Hydrogel is a synthetic material formed from cross-linked chains of polymers. Because these polymers have hydrophilic groups, a hydrogel can absorb over 500 hundred times its own weight in water. A hydrogel closely resembles many different parts of the human body, as it mimics the flexibility and texture of living tissue. This unique structure makes hydrogels ideal for use in the biomedical field for surgical implants, cartilage repair and drug delivery.
Strong Yet Flexible
A hydrogel is formed from cross-linked polymer chains, giving it a solid structure that can be compressed, stretched and knotted without losing the ability to return to its original shape. When it has only a single polymer chain, a hydrogel is weak and brittle, but recent advancements have led to the creation of a hydrogel with a double network of polymers, one rigid and one ductile, to create a hydrogel that is much more resilient to tearing and deformation. This makes the hydrogel ideal for biomedical applications such as replacing load-bearing cartilage and tendons.
Two researchers from the University of Akron, Dr. Jie Zheng, associate professor of chemical and biomolecular engineering, and Dr. Robert Weiss, Hezzleton E. Simmons professor and chair of polymer engineering, are credited with furthering the field of hydrogel research by developing these stronger double-network hydrogels, as well as a new single-step process used for creating them. The new process involves a simple "one-pot" method of synthesis, allowing double-network hydrogels that are suitable for biomedical applications to be produced on a larger scale.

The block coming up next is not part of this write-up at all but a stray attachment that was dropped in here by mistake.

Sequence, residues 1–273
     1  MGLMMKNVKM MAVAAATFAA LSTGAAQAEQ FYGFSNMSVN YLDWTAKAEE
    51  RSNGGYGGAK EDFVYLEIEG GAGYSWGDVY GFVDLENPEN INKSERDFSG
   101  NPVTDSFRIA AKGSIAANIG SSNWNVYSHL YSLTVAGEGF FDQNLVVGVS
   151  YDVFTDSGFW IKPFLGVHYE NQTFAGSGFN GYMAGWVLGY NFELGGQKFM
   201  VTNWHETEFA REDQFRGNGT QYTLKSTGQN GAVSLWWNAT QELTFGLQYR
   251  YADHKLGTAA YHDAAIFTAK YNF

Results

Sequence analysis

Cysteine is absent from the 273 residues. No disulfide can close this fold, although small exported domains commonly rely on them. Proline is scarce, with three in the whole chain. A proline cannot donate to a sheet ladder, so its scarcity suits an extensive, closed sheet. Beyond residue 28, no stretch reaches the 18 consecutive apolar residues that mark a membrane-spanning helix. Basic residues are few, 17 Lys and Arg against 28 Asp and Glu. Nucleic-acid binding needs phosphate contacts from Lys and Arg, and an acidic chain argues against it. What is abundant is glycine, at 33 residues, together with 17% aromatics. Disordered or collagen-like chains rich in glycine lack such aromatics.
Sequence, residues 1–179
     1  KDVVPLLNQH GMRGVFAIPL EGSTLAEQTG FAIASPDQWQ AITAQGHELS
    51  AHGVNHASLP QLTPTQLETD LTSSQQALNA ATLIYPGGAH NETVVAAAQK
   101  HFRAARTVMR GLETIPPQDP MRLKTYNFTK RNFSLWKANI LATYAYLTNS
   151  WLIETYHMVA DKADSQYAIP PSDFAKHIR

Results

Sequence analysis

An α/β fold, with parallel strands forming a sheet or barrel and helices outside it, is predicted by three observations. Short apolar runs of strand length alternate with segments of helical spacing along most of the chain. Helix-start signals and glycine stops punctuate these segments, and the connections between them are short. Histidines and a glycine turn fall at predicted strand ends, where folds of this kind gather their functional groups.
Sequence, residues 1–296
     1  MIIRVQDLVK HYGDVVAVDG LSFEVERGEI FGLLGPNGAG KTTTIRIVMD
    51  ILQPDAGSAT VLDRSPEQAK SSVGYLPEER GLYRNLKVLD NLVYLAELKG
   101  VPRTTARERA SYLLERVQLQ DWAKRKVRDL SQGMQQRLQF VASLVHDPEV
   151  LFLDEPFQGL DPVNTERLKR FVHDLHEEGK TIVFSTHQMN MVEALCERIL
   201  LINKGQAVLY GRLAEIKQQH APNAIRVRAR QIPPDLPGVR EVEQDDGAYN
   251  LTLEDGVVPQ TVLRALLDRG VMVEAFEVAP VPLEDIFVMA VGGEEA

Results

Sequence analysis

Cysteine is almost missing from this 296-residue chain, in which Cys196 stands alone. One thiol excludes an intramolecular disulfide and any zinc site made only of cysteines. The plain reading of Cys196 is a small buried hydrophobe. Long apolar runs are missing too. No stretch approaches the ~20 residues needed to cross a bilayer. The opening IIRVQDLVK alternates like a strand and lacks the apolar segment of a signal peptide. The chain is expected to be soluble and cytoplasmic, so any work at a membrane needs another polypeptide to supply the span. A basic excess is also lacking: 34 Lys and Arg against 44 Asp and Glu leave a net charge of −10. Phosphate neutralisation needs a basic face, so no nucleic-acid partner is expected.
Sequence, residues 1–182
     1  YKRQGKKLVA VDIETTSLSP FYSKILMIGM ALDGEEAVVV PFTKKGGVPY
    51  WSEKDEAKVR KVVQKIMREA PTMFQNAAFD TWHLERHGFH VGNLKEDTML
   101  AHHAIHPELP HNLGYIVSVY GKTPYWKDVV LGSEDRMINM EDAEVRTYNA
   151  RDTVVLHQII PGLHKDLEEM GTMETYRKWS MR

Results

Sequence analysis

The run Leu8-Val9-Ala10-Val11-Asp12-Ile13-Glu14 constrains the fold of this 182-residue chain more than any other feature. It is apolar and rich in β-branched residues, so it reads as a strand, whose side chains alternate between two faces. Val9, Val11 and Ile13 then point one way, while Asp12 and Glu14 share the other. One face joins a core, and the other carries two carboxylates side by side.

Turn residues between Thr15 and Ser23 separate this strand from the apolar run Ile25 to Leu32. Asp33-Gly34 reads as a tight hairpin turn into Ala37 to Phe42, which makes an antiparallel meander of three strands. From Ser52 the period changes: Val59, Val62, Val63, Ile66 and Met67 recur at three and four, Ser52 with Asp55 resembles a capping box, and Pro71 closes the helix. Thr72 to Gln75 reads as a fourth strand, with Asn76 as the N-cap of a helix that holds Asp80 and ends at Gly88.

Repairing the Human Body
With double-network hydrogels, it's possible to replace load-bearing cartilage and tendons in the human body, allowing patients with debilitating joint injuries to regain lost mobility. In addition, shape-memory hydrogels that regain their original shape when exposed to stimuli such as light, heat or moisture have applications for minimally invasive surgical replacements, as the hydrogels regain their original shape after being implanted to fill a void or wound in the body.
Computer-simulated hydrogel structures created by bioengineers at the University of California, San Diego, have even demonstrated the ability to self-repair after a cut or other damage. These self-healing hydrogels use dangling polymer "fingers" on the outside of their polymer chains that act as a foundation for a torn chain to repair itself and will do so at different rates in the presence of a low-pH or a high-pH environment. This exciting breakthrough opens doors for hydrogel implants to truly mimic organic tissue once placed inside a patient.
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